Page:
St. Hildegard von Bingen and St. John of Avila were recently named the 34th and 35th Doctors of the Church. Word On Fire Research Assistant Jack Thornton discusses Pope Benedict XVI's announcement.
On October 7th, Pope Benedict XVI marked the beginning of the Synod on the New Evangelization by declaring St. Hildegard von Bingen and St. John of Avila as the 34th and 35th Doctors of the Church. The fact that only 35 figures have been named as Doctors of the Church indicates how significant this announcement is. The title of Doctor of the Church is bestowed on those whose writings the Church recognizes as particularly important in the development of doctrine and theology.
St. Hildegard was born the tenth child in a noble family in what is now Germany around the year 1098. From a very early age she experienced mystical visions, which continued throughout her life. She became an anchorite nun at a young age where she learned Latin, and studied Scripture, music and natural science. She eventually became the prioress of her community and, from all accounts, managed her community with grace and wisdom. She wrote extensively on natural science and medicine, composed poetry, morality plays and some of the more influential musical pieces of the early classical tradition, in addition to eventually writing accounts of her visions, Scriptural exegesis and theological treatises.
At first she was reluctant speak of or write about her visions since she worried that they were illusions or did not come from God, but eventually she dictated some of them to her confidants. Later she received encouragement to write from St. Bernard of Clairvaux and Pope Eugenius III, and, out of humble respect for their approval and support, she wrote several great theological works, spoke publicly on a number of topics all over Germany, and corresponded with many of the most important clergy and political figures in Europe. One topic of particular interest, that was especially evident in her lectures and letters, was her call for a reform of the clergy...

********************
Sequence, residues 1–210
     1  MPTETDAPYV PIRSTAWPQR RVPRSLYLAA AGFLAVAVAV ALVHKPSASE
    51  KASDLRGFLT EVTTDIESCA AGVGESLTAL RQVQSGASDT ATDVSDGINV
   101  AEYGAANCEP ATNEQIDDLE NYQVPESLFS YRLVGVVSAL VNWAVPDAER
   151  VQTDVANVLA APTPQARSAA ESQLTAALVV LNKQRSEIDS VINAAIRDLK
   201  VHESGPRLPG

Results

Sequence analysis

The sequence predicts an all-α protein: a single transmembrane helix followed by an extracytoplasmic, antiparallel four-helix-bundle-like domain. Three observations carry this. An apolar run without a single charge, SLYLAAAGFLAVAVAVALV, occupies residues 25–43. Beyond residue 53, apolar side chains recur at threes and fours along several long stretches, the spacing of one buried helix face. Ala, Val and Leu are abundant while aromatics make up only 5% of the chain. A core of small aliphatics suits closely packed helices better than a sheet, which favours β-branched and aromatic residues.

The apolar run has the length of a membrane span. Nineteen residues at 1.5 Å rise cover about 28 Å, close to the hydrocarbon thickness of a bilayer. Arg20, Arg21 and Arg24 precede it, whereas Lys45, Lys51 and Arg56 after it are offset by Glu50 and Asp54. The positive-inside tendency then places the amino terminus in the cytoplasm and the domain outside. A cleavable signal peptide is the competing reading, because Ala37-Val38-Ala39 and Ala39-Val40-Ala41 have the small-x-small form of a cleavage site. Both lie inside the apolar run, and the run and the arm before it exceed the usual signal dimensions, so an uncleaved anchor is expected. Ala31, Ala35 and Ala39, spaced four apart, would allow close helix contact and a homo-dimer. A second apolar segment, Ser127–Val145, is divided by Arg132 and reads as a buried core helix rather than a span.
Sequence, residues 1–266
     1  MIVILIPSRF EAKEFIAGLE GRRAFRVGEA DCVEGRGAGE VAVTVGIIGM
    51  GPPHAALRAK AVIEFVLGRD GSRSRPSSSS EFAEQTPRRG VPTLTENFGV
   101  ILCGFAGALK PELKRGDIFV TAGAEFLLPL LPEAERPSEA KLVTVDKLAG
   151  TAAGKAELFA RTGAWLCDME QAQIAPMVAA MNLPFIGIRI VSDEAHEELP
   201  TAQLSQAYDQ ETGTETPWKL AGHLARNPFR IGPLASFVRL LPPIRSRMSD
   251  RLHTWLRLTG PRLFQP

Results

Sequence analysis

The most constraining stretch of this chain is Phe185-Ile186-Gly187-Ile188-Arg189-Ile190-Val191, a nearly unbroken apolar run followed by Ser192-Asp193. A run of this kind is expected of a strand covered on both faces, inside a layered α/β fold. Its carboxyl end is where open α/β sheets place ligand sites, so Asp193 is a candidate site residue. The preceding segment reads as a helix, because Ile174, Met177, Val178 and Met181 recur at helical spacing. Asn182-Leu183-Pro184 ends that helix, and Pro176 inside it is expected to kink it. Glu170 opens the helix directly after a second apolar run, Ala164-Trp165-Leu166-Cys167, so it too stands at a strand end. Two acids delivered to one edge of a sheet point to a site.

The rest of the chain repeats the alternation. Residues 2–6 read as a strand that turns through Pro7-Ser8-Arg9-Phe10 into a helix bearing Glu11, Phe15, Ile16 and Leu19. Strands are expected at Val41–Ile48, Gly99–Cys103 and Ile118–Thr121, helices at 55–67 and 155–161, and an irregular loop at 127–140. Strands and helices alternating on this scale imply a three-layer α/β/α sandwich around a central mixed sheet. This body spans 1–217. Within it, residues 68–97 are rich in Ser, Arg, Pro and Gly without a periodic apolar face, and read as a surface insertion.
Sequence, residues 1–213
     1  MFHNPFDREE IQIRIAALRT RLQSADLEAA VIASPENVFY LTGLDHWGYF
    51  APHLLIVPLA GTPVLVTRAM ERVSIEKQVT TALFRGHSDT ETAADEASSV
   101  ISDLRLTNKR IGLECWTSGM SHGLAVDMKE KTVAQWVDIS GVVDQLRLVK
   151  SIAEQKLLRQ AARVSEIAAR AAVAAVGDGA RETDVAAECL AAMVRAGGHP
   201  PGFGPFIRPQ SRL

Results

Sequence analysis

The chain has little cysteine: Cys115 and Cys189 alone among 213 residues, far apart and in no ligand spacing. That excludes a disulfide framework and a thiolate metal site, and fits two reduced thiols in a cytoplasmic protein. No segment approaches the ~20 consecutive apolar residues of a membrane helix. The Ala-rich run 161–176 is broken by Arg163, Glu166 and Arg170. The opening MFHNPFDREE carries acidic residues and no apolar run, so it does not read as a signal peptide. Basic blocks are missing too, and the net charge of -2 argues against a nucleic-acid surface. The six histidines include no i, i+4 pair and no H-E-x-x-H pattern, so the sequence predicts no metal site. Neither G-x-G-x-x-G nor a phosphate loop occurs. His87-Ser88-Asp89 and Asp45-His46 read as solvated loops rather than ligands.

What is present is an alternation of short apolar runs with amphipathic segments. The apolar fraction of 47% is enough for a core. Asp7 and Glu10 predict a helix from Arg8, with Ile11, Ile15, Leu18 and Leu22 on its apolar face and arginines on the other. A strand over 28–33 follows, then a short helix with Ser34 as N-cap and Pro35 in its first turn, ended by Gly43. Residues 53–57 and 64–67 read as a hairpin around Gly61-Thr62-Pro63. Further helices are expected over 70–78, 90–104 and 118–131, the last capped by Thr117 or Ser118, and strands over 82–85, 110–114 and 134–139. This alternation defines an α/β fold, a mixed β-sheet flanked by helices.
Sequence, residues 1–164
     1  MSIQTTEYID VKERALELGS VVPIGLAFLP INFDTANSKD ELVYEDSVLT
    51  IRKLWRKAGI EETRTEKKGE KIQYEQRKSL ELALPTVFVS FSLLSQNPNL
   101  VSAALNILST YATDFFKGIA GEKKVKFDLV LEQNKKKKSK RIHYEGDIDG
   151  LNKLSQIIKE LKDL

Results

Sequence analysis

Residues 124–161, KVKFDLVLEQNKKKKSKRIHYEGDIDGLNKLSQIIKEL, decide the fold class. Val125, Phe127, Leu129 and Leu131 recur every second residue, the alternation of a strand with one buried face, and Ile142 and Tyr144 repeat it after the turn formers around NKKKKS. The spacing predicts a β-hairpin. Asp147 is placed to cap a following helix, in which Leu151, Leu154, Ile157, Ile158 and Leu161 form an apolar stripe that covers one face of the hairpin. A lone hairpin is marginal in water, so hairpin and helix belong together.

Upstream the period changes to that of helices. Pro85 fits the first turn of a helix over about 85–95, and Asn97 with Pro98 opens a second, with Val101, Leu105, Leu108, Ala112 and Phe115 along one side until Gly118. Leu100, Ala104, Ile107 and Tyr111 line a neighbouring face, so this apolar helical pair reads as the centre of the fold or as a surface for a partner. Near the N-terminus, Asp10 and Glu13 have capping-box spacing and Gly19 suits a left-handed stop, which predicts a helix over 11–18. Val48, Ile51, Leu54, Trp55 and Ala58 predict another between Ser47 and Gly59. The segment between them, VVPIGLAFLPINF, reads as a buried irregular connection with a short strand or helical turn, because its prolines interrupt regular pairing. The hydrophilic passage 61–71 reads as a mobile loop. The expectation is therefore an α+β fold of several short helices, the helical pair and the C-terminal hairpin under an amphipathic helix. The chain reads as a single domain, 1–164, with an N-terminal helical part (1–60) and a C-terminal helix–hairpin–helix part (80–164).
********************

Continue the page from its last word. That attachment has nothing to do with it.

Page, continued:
The Summer Olympics are here. Jack Thornton reflects on the sportsmanship and patriotism, and wonders what we have to do to get Vatican City represented at the next games.
You recognize that tune don’t you? No? Ok, let me hum it for you again.
Did you get it? Still no?
Le sigh. No one ever gets it when I write music out like that.
It’s the theme for the Olympics and it’s been in my head all week because it’s just that time.
Ah, the Olympics. It’s a time for both strong patriotism and appreciation of other cultures and nations. It’s a time for thrilling victories and crushing defeats; a time for heartwarming stories of athletes who give their all in pursuit of a dream, and a time for less heartwarming stories of badminton players who throw matches so they can play lesser opponents in the losers bracket.
It’s a time for citizens all over the world to suddenly discover interest in sports that they only think about every four years. Yes, once every four years gymnastics, swimming and track rise to the level of football, baseball and basketball and we all obsess over athletes whose names we didn’t know two weeks ago and who we will forget as soon as the NFL pre-season starts. But we watch them and read about them because that’s what we do and that’s the way we like it...